I think the adjective “brave” is overused when talking about people who’ve just been diagnosed with cancer or are about to start treatment. We don’t say someone with a cold is brave for staying in bed and eating chicken soup. Surgery and chemo may be a lot harsher but most of us are numb right after we’ve gotten the diagnosis. Even once we get past that all we want is to get better, we want to survive, and we feel there’s no other choice. There’s nothing brave about doing something when it’s your only option. The real test of a person’s bravery comes after the treatment. Real bravery is defined by how a person moves on with their life even if they’re lucky enough to be in remission. Maybe it even takes more bravery to live in remission because there’s no clear path for those of us who’ve fought the crab and won.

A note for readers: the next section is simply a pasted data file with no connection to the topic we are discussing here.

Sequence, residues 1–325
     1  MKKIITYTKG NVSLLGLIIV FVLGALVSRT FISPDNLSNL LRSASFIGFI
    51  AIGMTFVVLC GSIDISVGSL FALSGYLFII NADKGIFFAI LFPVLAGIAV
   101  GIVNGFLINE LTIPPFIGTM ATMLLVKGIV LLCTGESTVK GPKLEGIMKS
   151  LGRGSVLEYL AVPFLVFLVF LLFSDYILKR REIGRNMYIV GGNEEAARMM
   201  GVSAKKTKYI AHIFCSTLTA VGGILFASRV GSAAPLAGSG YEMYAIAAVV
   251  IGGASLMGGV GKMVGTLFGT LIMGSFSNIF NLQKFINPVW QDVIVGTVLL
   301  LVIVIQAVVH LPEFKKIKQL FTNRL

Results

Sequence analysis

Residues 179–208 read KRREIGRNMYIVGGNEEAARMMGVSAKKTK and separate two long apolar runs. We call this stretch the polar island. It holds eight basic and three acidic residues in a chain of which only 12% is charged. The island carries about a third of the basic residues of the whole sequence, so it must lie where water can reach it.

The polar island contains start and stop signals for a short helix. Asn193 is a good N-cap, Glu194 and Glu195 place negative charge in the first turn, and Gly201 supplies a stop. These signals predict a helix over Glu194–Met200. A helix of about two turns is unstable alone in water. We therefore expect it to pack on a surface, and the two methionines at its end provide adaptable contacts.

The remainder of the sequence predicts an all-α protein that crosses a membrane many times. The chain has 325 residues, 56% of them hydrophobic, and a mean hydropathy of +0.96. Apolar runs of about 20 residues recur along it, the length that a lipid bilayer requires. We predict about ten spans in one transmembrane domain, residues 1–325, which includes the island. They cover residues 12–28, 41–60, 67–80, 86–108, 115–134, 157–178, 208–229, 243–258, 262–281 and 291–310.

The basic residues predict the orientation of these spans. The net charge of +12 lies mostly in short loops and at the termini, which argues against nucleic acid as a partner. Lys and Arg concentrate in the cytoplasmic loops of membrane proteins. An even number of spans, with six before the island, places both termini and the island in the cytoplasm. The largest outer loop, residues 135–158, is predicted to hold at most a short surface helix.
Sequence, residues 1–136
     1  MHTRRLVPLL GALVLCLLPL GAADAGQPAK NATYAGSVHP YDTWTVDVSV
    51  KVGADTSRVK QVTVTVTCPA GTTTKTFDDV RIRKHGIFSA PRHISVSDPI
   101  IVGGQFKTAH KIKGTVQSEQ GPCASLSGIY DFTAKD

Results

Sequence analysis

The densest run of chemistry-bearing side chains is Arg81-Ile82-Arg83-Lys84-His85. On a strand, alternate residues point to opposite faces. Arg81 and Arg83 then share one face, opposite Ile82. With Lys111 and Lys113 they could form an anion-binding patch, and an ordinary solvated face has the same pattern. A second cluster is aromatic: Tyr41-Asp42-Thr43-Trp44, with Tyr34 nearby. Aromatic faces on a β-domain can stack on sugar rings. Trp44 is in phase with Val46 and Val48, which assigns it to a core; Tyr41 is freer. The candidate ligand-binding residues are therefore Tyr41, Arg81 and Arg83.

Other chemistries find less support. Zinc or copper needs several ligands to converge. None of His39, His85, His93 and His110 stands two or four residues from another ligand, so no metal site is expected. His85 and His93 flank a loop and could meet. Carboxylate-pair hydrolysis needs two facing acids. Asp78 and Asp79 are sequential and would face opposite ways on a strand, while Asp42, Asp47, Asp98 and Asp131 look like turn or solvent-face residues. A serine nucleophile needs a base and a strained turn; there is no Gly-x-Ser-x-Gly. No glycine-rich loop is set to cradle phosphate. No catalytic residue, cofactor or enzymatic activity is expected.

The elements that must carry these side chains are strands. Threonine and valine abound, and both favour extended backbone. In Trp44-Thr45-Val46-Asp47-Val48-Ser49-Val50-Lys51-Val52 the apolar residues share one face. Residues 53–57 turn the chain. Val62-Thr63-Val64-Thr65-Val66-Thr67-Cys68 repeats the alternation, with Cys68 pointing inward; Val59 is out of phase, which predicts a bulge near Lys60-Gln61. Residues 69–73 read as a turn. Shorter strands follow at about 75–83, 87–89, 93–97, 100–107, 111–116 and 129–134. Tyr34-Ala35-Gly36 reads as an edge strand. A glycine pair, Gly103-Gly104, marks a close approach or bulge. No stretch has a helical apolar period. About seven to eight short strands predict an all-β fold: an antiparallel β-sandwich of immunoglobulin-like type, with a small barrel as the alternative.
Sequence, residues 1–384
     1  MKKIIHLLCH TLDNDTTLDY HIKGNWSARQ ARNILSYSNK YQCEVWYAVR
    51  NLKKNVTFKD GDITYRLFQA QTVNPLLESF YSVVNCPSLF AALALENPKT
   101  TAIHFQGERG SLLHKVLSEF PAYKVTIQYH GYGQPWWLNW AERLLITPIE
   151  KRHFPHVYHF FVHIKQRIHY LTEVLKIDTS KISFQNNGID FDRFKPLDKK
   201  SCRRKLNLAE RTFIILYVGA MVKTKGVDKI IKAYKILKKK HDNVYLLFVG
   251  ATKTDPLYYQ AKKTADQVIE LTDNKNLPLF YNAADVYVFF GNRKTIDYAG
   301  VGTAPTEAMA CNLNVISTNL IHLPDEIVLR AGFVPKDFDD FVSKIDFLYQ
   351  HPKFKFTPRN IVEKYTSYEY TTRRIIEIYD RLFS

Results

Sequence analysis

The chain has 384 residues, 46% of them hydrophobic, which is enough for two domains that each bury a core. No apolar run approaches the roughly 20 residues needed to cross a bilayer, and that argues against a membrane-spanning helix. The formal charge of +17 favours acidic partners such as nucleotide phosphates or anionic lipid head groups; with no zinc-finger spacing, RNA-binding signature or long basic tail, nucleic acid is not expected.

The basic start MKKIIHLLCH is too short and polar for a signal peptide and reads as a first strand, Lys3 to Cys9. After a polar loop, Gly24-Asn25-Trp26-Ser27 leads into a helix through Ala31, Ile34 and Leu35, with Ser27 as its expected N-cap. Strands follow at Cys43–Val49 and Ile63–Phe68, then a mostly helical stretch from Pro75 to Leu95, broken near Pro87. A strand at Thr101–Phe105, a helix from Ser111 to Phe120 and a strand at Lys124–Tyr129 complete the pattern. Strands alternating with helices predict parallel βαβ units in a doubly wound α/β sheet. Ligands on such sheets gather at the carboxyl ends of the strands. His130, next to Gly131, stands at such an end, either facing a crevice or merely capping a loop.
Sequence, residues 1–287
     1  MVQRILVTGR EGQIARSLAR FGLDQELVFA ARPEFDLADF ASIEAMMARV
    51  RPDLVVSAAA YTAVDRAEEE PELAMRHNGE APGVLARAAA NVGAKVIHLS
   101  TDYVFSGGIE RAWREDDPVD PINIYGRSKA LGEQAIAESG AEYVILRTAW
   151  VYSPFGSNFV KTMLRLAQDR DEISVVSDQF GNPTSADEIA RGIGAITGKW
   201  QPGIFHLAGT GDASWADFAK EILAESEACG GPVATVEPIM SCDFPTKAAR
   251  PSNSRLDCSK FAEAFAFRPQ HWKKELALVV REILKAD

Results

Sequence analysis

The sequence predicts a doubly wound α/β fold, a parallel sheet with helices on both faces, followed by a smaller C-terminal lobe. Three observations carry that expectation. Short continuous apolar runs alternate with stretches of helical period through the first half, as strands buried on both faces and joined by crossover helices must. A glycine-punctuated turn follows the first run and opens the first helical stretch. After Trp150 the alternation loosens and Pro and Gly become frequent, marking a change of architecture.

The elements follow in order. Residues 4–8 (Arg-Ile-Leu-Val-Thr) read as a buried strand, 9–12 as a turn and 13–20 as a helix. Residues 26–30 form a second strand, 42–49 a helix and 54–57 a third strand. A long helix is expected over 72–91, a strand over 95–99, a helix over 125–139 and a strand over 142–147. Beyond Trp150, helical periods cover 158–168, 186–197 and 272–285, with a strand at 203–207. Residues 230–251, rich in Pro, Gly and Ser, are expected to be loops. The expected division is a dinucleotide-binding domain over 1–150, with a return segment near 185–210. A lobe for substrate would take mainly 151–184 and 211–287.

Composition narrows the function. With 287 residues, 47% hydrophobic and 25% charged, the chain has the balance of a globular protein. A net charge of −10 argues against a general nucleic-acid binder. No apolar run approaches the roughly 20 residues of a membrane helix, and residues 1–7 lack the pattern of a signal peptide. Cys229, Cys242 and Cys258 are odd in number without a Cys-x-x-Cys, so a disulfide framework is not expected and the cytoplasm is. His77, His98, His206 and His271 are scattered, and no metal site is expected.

Even before her cancer diagnosis Tig Notaro, whose birthday is today, was brave. She pursued a career in standup comedy, voluntarily going into something where there is no clear path. In 2012 just after her diagnosis she did a now legendary live set in which she told the audience she had cancer. Two years later she performed part of a set topless, showing the audience her double mastectomy scars. In her comedy she sometimes strips away pretense, purposely violating the rules of standup, and with that act she confronted people with the reality of life after cancer. She’s been described as dry and unsentimental, a comedian who keeps audiences at a distance, but talking about cancer with inspirational thoughts and platitudes would be the coward’s way out. Tig Notaro made a choice to be brave.
And this is just hilarious.